THE increasing demand for the mass production of light but strong articles to very close limits has caused a big advance in the technique of drop stamping, which is rapidly replacing casting in the manu‐facture of aero‐engine parts. Crankcases, pistons, connecting rods and airscrews, to mention but a few items, are now made in the stamp shop, as the metal is more uniform in structure and free from blow holes, hard spots or cavities. Machining is reduced to the minimum, the direction of the grain can be controlled, and waste material, an important item with the expensive aluminium alloys, is reduced to a negligible amount. It is common practice in acro‐engine work for only ten‐thousandths of an inch to be allowed for machining after stamping, which is a practically impossible limit for castings or forgings. A very high rate of production can be obtained, as a few blows with the hammer produces an article, perfect in contour, in a fraction of the time required by any other method.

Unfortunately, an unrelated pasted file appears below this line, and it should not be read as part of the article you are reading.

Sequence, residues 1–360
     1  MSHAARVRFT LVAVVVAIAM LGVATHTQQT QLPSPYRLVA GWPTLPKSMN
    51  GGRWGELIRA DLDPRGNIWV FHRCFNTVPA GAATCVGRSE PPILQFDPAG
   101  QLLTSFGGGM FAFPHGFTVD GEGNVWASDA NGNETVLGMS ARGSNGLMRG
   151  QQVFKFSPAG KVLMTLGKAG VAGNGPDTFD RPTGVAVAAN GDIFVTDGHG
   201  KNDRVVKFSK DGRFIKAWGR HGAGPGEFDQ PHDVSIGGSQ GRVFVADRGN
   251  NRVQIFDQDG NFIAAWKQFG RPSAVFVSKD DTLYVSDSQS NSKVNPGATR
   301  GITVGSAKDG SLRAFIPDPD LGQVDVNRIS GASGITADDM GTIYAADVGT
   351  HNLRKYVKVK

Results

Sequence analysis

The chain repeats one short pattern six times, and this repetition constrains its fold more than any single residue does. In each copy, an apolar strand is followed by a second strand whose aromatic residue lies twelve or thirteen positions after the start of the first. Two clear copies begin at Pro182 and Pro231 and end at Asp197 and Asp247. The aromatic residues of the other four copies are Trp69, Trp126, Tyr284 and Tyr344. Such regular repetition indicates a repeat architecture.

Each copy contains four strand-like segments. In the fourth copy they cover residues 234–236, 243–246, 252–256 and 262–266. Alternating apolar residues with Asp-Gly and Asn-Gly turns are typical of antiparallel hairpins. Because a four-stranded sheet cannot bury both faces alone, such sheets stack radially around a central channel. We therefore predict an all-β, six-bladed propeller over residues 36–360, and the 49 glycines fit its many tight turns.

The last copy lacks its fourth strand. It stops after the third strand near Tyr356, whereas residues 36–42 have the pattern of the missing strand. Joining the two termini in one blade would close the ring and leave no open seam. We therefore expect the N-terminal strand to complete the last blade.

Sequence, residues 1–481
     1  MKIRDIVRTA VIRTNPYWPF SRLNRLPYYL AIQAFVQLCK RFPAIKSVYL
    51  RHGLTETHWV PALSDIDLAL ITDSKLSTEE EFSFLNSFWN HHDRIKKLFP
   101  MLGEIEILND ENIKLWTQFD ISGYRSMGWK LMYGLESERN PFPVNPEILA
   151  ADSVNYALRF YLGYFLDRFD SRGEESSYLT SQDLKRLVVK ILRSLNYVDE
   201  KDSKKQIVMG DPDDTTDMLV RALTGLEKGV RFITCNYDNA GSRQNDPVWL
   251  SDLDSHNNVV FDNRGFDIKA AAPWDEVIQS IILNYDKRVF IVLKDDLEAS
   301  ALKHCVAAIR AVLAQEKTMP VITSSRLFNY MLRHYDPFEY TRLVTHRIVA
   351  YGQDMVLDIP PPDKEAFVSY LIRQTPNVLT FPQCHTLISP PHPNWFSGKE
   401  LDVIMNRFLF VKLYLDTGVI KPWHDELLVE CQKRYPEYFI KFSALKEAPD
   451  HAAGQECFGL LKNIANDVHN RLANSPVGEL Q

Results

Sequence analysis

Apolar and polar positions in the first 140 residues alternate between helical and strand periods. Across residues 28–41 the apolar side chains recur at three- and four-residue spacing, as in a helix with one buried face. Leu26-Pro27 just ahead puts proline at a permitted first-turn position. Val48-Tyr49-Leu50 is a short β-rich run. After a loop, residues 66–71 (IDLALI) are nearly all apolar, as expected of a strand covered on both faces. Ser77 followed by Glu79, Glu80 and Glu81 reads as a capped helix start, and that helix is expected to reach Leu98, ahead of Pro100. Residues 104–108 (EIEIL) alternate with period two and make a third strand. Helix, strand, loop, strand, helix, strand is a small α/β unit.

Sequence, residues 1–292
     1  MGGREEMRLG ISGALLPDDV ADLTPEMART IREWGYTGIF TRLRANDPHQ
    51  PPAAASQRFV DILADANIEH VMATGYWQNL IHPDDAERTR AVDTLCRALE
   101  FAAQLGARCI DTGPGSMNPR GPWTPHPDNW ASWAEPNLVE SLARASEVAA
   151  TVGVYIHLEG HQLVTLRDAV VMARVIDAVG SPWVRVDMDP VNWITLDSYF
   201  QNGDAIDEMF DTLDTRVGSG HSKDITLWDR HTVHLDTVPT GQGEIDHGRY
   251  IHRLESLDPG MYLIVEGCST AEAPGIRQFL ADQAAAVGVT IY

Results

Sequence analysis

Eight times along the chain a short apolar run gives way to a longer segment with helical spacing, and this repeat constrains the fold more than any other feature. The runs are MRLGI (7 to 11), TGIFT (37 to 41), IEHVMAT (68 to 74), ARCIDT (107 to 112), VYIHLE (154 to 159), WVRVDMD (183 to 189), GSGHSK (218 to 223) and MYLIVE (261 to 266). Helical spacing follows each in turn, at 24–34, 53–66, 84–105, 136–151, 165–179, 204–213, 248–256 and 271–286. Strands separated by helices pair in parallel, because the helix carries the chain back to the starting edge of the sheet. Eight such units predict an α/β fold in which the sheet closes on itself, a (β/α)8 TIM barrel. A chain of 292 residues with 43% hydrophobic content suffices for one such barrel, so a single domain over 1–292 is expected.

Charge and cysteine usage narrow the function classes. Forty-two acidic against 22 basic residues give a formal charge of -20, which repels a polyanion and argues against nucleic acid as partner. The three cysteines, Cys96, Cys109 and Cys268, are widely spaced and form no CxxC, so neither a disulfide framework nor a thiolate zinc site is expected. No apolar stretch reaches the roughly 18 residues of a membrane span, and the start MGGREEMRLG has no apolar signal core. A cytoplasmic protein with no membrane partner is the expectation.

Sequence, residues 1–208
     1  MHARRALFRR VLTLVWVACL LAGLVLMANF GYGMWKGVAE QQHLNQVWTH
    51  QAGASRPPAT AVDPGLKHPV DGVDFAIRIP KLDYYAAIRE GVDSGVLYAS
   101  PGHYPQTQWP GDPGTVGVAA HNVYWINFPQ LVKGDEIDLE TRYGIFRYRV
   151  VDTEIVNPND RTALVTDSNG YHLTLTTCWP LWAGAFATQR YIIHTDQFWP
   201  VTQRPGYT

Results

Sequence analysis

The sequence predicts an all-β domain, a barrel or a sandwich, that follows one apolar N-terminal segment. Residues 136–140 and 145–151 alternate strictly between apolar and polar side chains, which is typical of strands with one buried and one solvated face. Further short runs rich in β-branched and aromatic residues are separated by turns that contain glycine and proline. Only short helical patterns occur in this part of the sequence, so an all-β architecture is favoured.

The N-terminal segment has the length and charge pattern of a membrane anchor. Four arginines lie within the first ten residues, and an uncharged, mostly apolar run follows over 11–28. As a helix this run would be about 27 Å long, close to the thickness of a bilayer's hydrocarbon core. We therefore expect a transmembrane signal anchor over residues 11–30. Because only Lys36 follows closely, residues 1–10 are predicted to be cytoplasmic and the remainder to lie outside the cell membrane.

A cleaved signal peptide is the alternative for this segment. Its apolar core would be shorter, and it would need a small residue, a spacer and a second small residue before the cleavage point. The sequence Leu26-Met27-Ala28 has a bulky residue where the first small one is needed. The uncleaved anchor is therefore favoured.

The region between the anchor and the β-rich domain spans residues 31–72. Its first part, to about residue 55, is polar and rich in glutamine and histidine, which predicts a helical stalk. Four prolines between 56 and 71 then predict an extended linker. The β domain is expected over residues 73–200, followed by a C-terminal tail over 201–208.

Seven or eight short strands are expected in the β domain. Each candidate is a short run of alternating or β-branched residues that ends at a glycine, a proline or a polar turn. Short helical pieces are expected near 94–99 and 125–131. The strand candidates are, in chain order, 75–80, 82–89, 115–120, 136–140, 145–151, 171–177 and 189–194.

(1936), "The Manufacture of Alloy Stampings: The Production of Stampings for Crankcases, Pistons, Connecting Rods and Airscrew Blades", Aircraft Engineering and Aerospace Technology, Vol. 8 No. 6, pp. 175-175. https://doi.org/10.1108/eb030061Download as .RIS
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